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Tue 26 October 2021

Despite the Government push towards electric vehicles for all UK car owners, 98% of police vehicles are not ultra low-emission

Under 2% of UK police vehicles are ultra-low emission, meaning that they are either hybrid or electric, the Byline Intelligence Team can reveal.

The lack of investment so far in green infrastructure in public services, such as the police, raises questions about how easily the Government will achieve its net zero carbon plans. 

Earlier this year, the Government pledged to place a ban on all new petrol and diesel vehicles by 2030. The climate crisis was high on the agenda during the Conservative Party Conference, not least with the global COP26 climate summit – to be held in Glasgow – only weeks away. 

But analysis of Freedom of Information requests reveal the gap between the Government’s green promises and the challenges ahead to meet these targets in reality.

While much of the focus has been on members of the public making individual changes in order to hit net zero, less has been said about the need for the public sector to take steps to reduce its carbon footprint. 

Now, in the first of a series of investigations into the public sector and the climate crisis, the Byline Intelligence Team can reveal that electric and hybrid vehicles account for only 1.86% of police forces’ fleets across the UK. 


Cop Cars and COP26

At least 14 police forces have no electric vehicles at all, while all 55 vehicles in the Ministry of Defence Police’s fleet are diesel with no electric or hybrid vehicles. 

Of the 40 forces analysed which do have some ultra-low emission vehicles, Lancashire Constabulary (0.11%), Suffolk Constabulary (0.14%), West Yorkshire Police (0.23%), Thames Valley Police (0.25%) and the Police Service of Northern Ireland (0.04%) have the lowest numbers. Hybrid and electric vehicles make up less than 0.5% of each fleet – of the Police Service of Northern Ireland’s 2,638 vehicles only one was hybrid.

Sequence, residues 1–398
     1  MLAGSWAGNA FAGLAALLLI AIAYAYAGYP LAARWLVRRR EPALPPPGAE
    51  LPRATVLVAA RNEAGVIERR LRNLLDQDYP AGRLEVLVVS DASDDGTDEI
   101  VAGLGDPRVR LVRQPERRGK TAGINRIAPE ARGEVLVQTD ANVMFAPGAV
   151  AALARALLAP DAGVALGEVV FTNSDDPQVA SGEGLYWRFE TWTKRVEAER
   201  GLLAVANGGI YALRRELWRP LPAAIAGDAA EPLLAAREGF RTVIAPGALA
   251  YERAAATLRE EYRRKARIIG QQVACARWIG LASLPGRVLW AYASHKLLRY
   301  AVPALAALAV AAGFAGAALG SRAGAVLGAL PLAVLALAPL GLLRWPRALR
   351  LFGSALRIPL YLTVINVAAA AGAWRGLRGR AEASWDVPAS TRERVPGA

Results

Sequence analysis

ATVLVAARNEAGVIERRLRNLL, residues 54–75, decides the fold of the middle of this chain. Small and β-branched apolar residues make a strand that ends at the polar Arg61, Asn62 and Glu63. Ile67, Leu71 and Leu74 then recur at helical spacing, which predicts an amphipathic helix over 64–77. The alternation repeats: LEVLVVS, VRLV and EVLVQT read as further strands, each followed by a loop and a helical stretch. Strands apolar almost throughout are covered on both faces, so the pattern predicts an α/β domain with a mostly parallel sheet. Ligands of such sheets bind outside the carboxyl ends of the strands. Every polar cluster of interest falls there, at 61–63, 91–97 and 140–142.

Some of the largest police car fleets have notably low petrol/diesel car to electric vehicles ratios.

Avon and Somerset, with a fleet of 867, has only eight electric vehicles and zero hybrid vehicles. Devon and Cornwall, which covers a vast area of the UK, has 1,105 vehicles of which only eight were hybrid and four were electric. Thames Valley Police, with a fleet of 1,178 had three hybrid and zero electric vehicles. 

Across the four nations of the UK, Police Scotland has 1,530 vehicles of which 11 are hybrid and two are electric. South Wales Police had five hybrid vehicles in a fleet of 885, although Dyfed-Powys had a higher proportion: 11 electric and 16 hybrid out of 394 vehicles. North Wales had six electric and five hybrid out of a fleet of 582. 

There are some positive moves towards change, however. The Metropolitan Police has 800 electric vehicles – out of a fleet of nearly 5,000 doing 47 million miles every year. This data was excluded from the Freedom of Information request. 

The consultancy Arcadis, which is working with the Met to manage a transition towards 100% by 2030, estimates that even transitioning those 800 vehicles to ultra-low emission vehicles will result in a 9% reduction in CO2 emissions across the entire fleet.  

Gloucestershire Constabulary has 84 electric vehicles out of a fleet of 438, meaning that nearly one-fifth of its fleet is now electric. 

But, while these are positive steps, the gap between electric and petrol or diesel still looms large.

Transport is the UK’s biggest polluter, accounting for nearly 30% of carbon dioxide emissions in 2020. Road vehicles are responsible for the majority of these. In his first speech as Prime Minister in the House of Commons, Boris Johnson promised that the UK “will be the home of electric vehicles”.

In response to the findings, a Home Office spokesperson told Byline Times that electric vehicle provision was an issue for individual police forces and that the Government has “strict legislation about not selling petrol cars by 2030”.

The Freedom of Information data excluded covert vehicles. 

This article was produced by the Byline Intelligence Team – a collaborative investigative project formed by Byline Times with The Citizens. If you would like to find out more about the Intelligence Team and how to fund its work, click on the button below.

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